If you don’t have a super-hot pizza oven installed in your kitchen, it’s hard to achieve that pizzeria-quality pizza because most regular ovens can’t achieve that type of temperature. On top of that, they don’t have a stone floor on which to place the pizza. The problem of the stone is easily solved with a pizza stone, which holds a lot of heat and simulates the cooking surface of a pizza ovenÂ enough to produce a really nice crust. The only thing that can come close to a pizza oven’s temperature is a barbecue. Barbecues, whether coal or propane, can usually reach temperatures much higher than a regular oven. A special pizza stone, like the Mario Batali Chianti Pizza Stone, can easily transform your grill into a pizza oven without the need to remodel your kitchen to install an expensive specialty oven (although that would be a very nice thing to have, I must say!).
The Chianti Pizza Stone has two parts, a standstone stone onto which the pizza is placed and cooked, and a heavy-duty cast iron frame that holds the stone up off the grill. The frame helps to make sure that the stone heats evenly, and also protects it from overheating and potentially cracking on the surface of the grill. You can crank up your barbecue and enjoy a pizzeria-like pizza, with a crisp crust, chewy interior and a quick cooking time with a stone like this one. You can also use it as a kind of pan to bake other things in your barbecue – pies, tarts, cookies – if you have a good temperature control of your grill and can maintain a consistently lower heat for those items.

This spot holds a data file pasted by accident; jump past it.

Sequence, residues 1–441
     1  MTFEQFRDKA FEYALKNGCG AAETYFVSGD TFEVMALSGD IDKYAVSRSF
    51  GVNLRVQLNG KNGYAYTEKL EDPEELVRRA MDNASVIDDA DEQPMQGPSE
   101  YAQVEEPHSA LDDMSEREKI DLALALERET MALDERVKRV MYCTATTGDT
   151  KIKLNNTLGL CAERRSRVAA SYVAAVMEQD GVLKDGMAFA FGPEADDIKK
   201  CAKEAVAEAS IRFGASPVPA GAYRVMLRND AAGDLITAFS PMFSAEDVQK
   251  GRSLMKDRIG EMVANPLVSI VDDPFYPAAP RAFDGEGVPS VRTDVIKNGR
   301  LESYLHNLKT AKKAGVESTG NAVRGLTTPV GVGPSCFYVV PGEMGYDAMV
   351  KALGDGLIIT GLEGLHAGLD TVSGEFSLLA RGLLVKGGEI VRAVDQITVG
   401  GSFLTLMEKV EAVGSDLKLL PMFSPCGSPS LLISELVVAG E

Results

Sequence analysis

Of course, there is always grilled flatbread and pizza for those who just want to cook directly on the grill.
JoanneJuly 7, 2009
That is great information. I didn’t realize there was a pizza stone available for the grill. What a find!
I’ve been reluctant to get a stone, even for the oven, because I’ve heard of so many people who have cracked theirs. Since I’m a bit clutzy in the kitchen…can only see one outcome!
MaryJuly 7, 2009
You can buy a ceramic tile from a home improvement store for a few dollars and it will perform the same function. The tile will work on both a grill and in the oven.
raineyJuly 8, 2009
Echoing what Mary said, I use a thick baking stone that I elevate above the grill on a couple of stacked unglazed tiles from the building store.
And Joanne should know that even if your baking stone cracks, the pieces will perform just as well as an intact stone. Don’t even need to glue them back together. Just butt the edges together where they separated. They won’t go anywhere and dough is too thick to seep through.